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NYFOS@Caramoor: Day 3

Thursday is usually the most intense day—it’s the designated time for everyone to be off book, i.e., memorized. But today—Wednesday, usually a frolic in the sandbox—turned out to be a strenuous day of contact sports. Some of this had to do with the schedule: Marco was to join us in the afternoon, but he could only get there at 3:40. It was our last coaching day with him—yes, he’ll be back for more rehearsals and he’ll play the performances with us, but then he’ll be in his role purely as flautist. So we had a lot to cover in a short period, and that meant the day ended with three hours of extremely concentrated work on all the flute stuff and all the Spanish stuff.

Christine created a bit of magic today, the kind of thing that can only happen at a place like Caramoor. We were working on her Lecuona song, “Quiero ser hombre.” It is somewhere midway between a cabaret song and an art song, with a poem by the Uruguayan feminist Juana de Ibarbourou. She talks of how she’d like to be a man—so that she could have any kind of career she wanted, she could go out walking on her own, she could wander the earth as she pleased. Latin American women did not have a lot of choices in the 1940s, and very little freedom of movement in those pre-liberation days.

unnamed-6Christine has known the song for a little while now, and it was sounding good. She understood what it meant, her Spanish was very clear and amazingly authentic—good, solid work. But Michael was not sold. “Christine, the song has this descending figure, three-note groups that snake down after an upward phrase. There’s something…what’s the word for it…it has a name…oh, I don’t know. There’s something about that kind of writing…” I was a little puzzled. So was Christine. What was he getting at? “How should I do it?” Christine asked. Michael paused. “Actually, I don’t know. But you do. Figure it out—there is something to dig out of that phrase. You have the answer, not me. Go find it.” Another pause. Then Christine said something I wasn’t expecting: “Thank you.” What did she mean, I wondered? Thank you, I guessed, for not condescending to me, for trusting that I have a musical brain, that I have instincts and sensitivities of my own. It was International Women’s Day, and we were celebrating in our way.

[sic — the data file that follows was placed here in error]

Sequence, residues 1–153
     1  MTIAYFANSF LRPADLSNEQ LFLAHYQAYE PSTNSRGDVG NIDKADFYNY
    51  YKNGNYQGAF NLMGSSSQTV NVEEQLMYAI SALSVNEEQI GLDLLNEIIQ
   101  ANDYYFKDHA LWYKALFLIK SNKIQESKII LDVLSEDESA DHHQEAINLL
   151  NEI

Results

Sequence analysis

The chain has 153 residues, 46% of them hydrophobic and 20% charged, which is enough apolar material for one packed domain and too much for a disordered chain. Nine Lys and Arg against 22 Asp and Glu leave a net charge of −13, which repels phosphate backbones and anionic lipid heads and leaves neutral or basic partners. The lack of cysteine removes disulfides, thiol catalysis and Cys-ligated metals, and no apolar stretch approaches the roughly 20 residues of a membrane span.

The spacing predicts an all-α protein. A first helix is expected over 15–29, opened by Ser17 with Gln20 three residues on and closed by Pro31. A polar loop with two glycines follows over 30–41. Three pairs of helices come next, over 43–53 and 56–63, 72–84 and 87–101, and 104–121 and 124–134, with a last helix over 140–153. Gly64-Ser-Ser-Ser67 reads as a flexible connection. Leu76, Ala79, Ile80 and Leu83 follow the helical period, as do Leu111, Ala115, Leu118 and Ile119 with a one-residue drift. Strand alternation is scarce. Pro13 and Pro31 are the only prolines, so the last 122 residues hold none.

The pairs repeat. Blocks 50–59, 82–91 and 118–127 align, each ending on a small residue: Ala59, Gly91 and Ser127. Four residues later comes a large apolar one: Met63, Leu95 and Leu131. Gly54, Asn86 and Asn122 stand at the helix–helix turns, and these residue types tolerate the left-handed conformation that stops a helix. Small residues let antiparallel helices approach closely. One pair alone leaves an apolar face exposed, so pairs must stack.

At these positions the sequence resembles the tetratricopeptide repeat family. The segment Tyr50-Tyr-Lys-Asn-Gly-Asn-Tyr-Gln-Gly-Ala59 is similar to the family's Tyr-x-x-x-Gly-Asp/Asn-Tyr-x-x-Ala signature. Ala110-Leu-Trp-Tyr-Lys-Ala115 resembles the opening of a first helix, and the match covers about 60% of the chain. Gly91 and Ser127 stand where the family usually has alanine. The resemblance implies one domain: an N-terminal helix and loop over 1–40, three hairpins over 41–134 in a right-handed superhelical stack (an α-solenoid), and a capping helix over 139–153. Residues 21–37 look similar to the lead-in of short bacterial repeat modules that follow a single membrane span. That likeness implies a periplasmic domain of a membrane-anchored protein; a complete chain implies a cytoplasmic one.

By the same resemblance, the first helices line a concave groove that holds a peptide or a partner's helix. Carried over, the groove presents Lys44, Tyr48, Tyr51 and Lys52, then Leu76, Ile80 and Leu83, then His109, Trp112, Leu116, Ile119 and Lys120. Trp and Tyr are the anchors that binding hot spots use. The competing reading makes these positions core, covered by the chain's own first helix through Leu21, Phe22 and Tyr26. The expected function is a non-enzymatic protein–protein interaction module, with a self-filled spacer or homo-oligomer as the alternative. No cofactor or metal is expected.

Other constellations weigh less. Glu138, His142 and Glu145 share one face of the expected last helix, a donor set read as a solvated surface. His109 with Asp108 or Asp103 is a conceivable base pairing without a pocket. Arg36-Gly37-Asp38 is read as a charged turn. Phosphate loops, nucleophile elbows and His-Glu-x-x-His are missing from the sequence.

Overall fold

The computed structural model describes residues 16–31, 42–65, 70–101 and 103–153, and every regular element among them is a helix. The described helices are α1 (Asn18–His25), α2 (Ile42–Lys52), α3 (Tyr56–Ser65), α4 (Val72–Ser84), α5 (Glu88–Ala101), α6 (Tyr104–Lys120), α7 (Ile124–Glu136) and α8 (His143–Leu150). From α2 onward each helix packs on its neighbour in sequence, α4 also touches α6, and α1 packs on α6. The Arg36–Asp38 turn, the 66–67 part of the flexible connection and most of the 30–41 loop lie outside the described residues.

Michael’s request was not the kind of direction I would have given a singer. But something happened: the whole song opened up. All of a sudden Christine was singing about life, and freedom, and being a woman, and wanting something. What sounded to me like musical nit-picking led straight to the Holy Grail. Everyone felt it. Hannah actually leapt to her feet and applauded. I thought I saw tears in Christine’s eyes.

Everyone, in fact, rehearsed as if their lives depended on it. I took the day to get closer to pianist Ho Jae Kim, pulling him in to play four-hand piano with me, molding his phrasing, balancing the sonorities of his two hands. He is such a surprising musician. I imagine all this material is pretty new for him, but I nicknamed him Ho Jae O’Lee after he played his Irish song with the eloquence of an old bard. He’s come up with some fabulous results in Cuban music too. Ho Jae has a tremendous musical instinct, and when his ear, nervous system, and hands coalesce—when he grasps what the music is, what it needs—the results take my breath away.

Get your tickets to Four Islands today!  Sunday, March 12, 3pm at Caramoor (Katonah, NY) or Tuesday, March 14, 8pm at Merkin Concert Hall (NYC)

NYFOS@Caramoor: Day 2